Need for National Tourism Legislation & Strategy


To restore momentum & reposition sector for inclusive, holistic & rapid growth

LEGISLATION and legal regimes as part and parcel of society are not static and events but work in progress that must be subjected to periodic reviews and amendments to be in tune with the changes and trends of the times.


The tourism industry since the turn of the millennium, over 20 years ago, has been the biggest, largest and fastest growing industry in vogue globally, until the corona virus (covid-19) pandemic disruption in late 2019.


The United Nations World Tourism Organization (UNWTO), is a Madrid, Spain based UN specialist agency has an army of technocrats and experts of varying backgrounds and experiences who collect and collate data for research and  analysis as well as studies into industry trends as blueprints to guide member countries and destinations for sustainable and responsible tourism development and evolution.

Best Industry Practice

The UNWTO has well researched, tested and proven guidelines, rules and regulations and conventions for best industry practices, including the evergreen 1:10 Convention that says sustainable and meaningful tourism evolution is dependent on a very vibrant domestic tourism industry, hence the best industry practice of for everyone international tourism visitation to destination or facility, there must be ten corresponding ten (10) domestic visitations.


Ghana’s political stability, safety and stability are tourism soft and intangible resources that give the country competitive advantage over competing countries and destinations.

Ghana has an infant burgeoning evergreen tourism industry that  also sees and records increased growth in both visitor numbers and revenue receipts on year on year basis, in tandem with global industry trends, the positive growth according to industry analysts and researchers, is however , is far below the country’s real tourism potential capacity and expected performance.

Gross Domestic Product

The industry currently ranked as the fourth (4th) largest contributor to the country’s gross domestic product (GDP), behind cocoa, gold and remittances abroad.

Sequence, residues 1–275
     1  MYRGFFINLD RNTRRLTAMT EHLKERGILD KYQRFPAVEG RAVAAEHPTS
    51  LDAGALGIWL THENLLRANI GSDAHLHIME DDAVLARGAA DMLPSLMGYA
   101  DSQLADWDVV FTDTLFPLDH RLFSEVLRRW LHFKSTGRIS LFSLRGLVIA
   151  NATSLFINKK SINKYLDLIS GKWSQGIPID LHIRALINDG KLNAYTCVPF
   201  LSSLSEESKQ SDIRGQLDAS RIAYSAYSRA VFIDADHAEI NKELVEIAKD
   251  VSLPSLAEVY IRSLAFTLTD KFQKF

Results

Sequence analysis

Ghana’s average growth is a little over three (3%) and about five percent (5%) of the overall gross domestic product (GDP).

Legal regime

There are a number pieces of legislations that are relevant and applicable to the country’s tourism industry.

Key among these are the Ghana Tourism Authority, (GTA), Tourism Development Fund , (TDF) and the Tourism Act , (TA),2011 Act 817 and the National Commission on Culture, (NCC) and the culture  Law 1990, PNDCL 238 as well as the Cultural Policy of 2004.

Others include the Ghana Museums and Monuments Board (GMMB) Law 196- National Film Authority (NFA) and the Film Classification Act 2016, Act 935 as well as the Creative Arts Agency (CAA) Law 2020, Act 1048.


An in-depth analysis of the country’s tourism industry growth and performance points to inconsistences , errors and  omissions such as obsolete tourism legislation and legal regime, duplications among the sector ministry, the Ministry of Tourism, Arts and Culture (MOTAC) and its implementing agencies.

fragmentation and mandate over key and strategic national tourism resources by allied ministries, departments and agencies (MDAs), poor public funding and low national budgetary allocation to tourism, lack of unique national tourism brand image, inconsistent packaging and promotional (marketing) strategy  and high national ignorance and lack of national appreciation on and about tourism and its importance to socio-economic development and the rest are identified challenges that obstruct and impede Ghana’s tourism growth, development.


The infant industry has a number of challenges to contend with which impedes its smooth growth and evolution. Notable among the challenges high national ignorance on tourism development and associated benefits with jobs, rural- urban migration, balance of trade and imports , foreign exchange, undeveloped resources, fragmentation of tourism resources among allied ministries, departments and agencies (MDAs).

Others are duplication and overlap of responsibilities between the Ministry of Tourism, Arts and Culture and its implementing agencies, as well as archaic and outdated legislation and legal regime. Sanitation and waste disposal are among challenges that blunt Ghana’s tourism growth and evolution.

 Way Forward

  • Legal regime
  • Restructure MOTAC & Agencies
  • Retool & resource MOTAC & Agencies
  • Increase Tourism budgetary allocation & funding
  • Sustained / National Tourism Awareness Campaign-sanitation 

The Writer is Brands, Communication & Tourism Analyst.

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